Development of two new cationic liposomes TROPY and SPIDER for the transfection of therapeutic oligonucleotides in mammalian cells
R Griera(1) N Llor(1) A Delgado(1) M A Busquets(1) C J Ciudad(1) V Noé(1)
1:Universitat de Barcelona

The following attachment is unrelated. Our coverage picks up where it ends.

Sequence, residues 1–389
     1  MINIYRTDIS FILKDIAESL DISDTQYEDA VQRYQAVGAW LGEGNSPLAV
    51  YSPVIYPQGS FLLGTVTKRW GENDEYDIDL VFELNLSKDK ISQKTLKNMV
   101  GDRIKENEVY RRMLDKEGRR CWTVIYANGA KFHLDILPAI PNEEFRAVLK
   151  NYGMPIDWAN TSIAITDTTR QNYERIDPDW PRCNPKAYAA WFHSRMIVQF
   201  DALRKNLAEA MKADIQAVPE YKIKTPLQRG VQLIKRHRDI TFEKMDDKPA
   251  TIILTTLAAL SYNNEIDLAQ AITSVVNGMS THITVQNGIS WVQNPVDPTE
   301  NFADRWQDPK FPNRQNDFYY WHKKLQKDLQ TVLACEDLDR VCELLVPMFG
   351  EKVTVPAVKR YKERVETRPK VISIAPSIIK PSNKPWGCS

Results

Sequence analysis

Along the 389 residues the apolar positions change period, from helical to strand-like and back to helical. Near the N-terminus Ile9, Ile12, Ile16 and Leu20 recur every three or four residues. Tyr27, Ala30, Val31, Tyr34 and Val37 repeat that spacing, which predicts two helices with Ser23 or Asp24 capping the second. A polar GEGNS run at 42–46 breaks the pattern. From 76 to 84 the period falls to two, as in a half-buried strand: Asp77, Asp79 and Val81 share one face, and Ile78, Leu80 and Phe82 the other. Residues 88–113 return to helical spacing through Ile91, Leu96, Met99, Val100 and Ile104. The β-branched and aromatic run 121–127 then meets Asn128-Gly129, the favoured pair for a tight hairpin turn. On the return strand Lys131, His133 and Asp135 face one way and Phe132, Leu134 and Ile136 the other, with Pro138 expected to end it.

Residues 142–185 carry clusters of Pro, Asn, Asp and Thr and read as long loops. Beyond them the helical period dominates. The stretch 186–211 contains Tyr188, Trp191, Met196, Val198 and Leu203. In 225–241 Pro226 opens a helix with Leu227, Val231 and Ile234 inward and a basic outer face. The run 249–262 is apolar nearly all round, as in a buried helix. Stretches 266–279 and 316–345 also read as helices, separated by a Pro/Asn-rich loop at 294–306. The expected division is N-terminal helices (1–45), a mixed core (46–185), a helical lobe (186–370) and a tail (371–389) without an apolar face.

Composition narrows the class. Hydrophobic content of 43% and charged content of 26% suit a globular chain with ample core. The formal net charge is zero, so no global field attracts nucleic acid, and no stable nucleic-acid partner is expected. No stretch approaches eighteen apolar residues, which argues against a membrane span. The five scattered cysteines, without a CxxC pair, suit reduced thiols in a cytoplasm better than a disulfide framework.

There is a need for improving the delivery of oligonucleotides intended for gene therapy. Previously, we synthesized dioleyl pyridinium (DOPY) that was able to transfect cells with great efficiency. Now we describe the synthesis of two new cationic liposomes: trioleyl pyridinium (TROPY) and tetraoleyl pyridinium (SPIDER). Both syntheses were carried out in two synthetics steps. TROPY is a tris-pyridinium salt connected through a mesitylene spacer, SPIDER is a tetrakis pyridinium salt connected through a 1,2,4,5-tetramethylphenyl spacer. The pyridinium moieties in both liposomes bear an oleyl chain. We studied their biological activity in human prostate cancer PC3 cells. As a model for therapeutic oligonucleotides, we used a Polypurine Reverse Hoogsteen (PPRH) hairpin specifically directed against the promoter region of the antiapoptotic survivin gene, either labelled with fluorescein or unmodified. The DNA binding capability was tested by gel agarose electrophoresis, observing a decrease in the amount of free oligonucleotide in the presence of liposomes. Tropy and Spider/PPRH particles were 142 and 198 nm in size, respectively, as determined by DLS. The internalization of the PPRH was followed by fluorescent microscopy, flow cytometry and confocal microscopy in PC3 cells, showing that PPRHs were delivered into cytosol and nuclei of the cells. Both liposomes had no intrinsic cytotoxicity up to 1.5 µg/ml. The decrease in viability of PC3 cells, due to the PPRH against survivin, transfected with either 1.5 µg/ml of TROPY or SPIDER was 84% and 91%, respectively, as determined by MTT assays.